I love surprises (that is why the blog is called omakases). But when it comes to hiking and running, I try to limit the number of surprises to a minimum. That is why I spend quite some time preparing and planning. So here’s to traveling with an open mind, but well-prepared – my Laugavegur trail solo hike (Iceland).

The Laugavegur Trail (or Laugavegurinn) spans 55km from Landmannalaugar to Þórsmörk (Thorsmork) and has been on my bucket list for a long time. I heard from soo many people that it is one of the best hikes they ever did and the Eyjafjallajökull eruption, the Icelandic volcano that brought Europe’s air travel to a halt and that is close to the trail, was pretty much the starting point of my career.

For readability, I chopped my post up in different stages:

  1. Settle on the idea
  2. Validate
  3. Settle on a date
  4. Lock-in the trip
  5. Create a rough day planning
  6. Creating a packing list
  7. Budget
  8. Extra

Step 1: settle on the idea for your Laugavegur Trail solo hike

I am planning to hike on my own and camp along the trail. Normally, the 55km is done in 3-4 days, where some days make 12km hikes. As an experienced hiker, I did not feel like spending 2,5 hours on the trail and the rest of the day in my tent, so I decided to divide the trail into 25-30km stretches.

This coincides with the two places on the trail where you can get food – at the Lake Alftavatn huts and Thorsmork. As I am not an experienced camper, this is a perfect fallback in case something goes wrong with my camping equipment or if I am running out of food for whatever reason.

So the overall plan is to hike from Landmannalaugar to Thorsmork in two days (stop near Lake Alftavatn) and then walk the last 25km stretch to Skógar on the third day.

Step 2: validate

So, I read quite some blogposts and checked quite some YouTube videos of previous hikers. It seemed based on that that most of them could quite easily make the trail in 3 days.
My friend Tim Beglinger hiked the Laugavegur trail a few years ago in 3 days and told me that was rather easy.

So, let’s proceed 🙂

Step 3: settle on a date.

Unfortunately, the Laugavegur trail is only open for 3 months per year, from mid-June through mid-September. And even that is not a certainty. As I did not have too much flexibility in these months, only late June/early July was an option for me.

So, for now, I checked the website of the Met Office, the Road Safety and bus organizations. It seemed, that the road to Landmannalaugar on average opens June 12th and June 23rd the latest.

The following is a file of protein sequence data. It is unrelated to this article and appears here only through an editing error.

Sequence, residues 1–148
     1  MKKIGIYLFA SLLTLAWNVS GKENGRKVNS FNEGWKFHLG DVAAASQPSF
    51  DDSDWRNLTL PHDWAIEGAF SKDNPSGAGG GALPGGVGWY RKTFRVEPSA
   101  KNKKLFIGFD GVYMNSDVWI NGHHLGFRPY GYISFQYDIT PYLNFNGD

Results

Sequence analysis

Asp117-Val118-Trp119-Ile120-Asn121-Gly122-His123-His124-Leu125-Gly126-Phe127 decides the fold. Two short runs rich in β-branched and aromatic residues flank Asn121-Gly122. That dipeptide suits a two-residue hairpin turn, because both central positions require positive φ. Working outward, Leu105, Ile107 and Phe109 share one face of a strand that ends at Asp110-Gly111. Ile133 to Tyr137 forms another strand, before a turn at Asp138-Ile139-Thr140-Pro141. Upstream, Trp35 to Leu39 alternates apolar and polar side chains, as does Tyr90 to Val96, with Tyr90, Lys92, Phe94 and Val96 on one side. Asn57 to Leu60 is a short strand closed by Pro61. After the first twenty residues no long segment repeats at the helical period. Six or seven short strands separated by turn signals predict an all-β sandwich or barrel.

To have some flexibility in hiking but also to have some time to see Reykjavik and other parts of the country, I decided to stay for a week – flying in June 23rd, flying back June 29th. 

Step 4: lock-in the trip.

Getting there. There are several options to get to Iceland. As I am flying from either Brussels or Amsterdam, the most obvious options are either Icelandair or WOW air. As WOW air offered a very decent service and sub 300 euro tickets, I quickly settled for them (full disclosure: I could not book via their site and their social customer service could not help, so I ended up booking via Kiwi.com). From the airport, there are regular transfers to Reykjavik.

Staying there. As I am camping, I do not have to reserve a spot beforehand (you HAVE to pre-book huts if you want to stay in the huts along the trail). For the rest of the days, I decided to book the Galaxy Pod Hostel. It’s clean, cheap (especially considering the steep prices), conveniently located and a great way to get in contact with other travelers. This also solves another potential challenge: as I am staying my first and last days in Iceland, it is easy to leave my non-hiking luggage at the hostel and pick it up at the end of the trip.

Getting to the trail. From Reykjavik, there is a daily service (at least, when the roads are open) to the trail. I decided not to book a ticket yet.

Step 5: create a rough day planning for your Laugavegur Trail solo hike.

Rough planning, ever more detailed towards the trip (see my full planning in a separate post).

Step 6: creating a packing list for your Laugavegur Trail solo hike.

See my full list in a separate post.

I asked fellow hikers for tips (thanks Joren, Tim) and used a range of gear comparison sites (like Outdoor Gear Lab).


Iceland is certainly not cheap. From getting there to staying there to food, all is more expensive than I’m used to (also, see my detailed day planning):

  • Transportation
    • Flight €325,73 for an AMS-KEF flight with Wowair
    • Bus to/from airport (5500 ISK), a total of €44,52
    • Bus to trailhead (9100 ISK), a total of €73,70
    • Bus from Skogar to Reykjavik (7500 ISK), a total of €60,74
    • Bus to/from Blue Lagoon (included in total price Blue Lagoon)
  • Accommodation
    • I stayed 4 nights in the Galaxy Pod Hostel (€51,43 per night), a total of €205,72
    • I stayed 2 nights on the trail (2000 ISK + 500 ISK facilities), a total of €40,50
  • Food
    • I will have 3 days of meals on the trail (pre-packed Adventurefoods)
    • Total of 3 days off the trail (estimated 50 euro per day), a total of €150,-
  •  Extras
    • Whale watching with Elding.is (21990 ISK), a total of €178,90
    • Blue Lagoon + Lunch (16490 ISK), a total of €133,55

Total cost estimate €1213,31 for your Laugavegur trail solo hike and Reykjavik visit.


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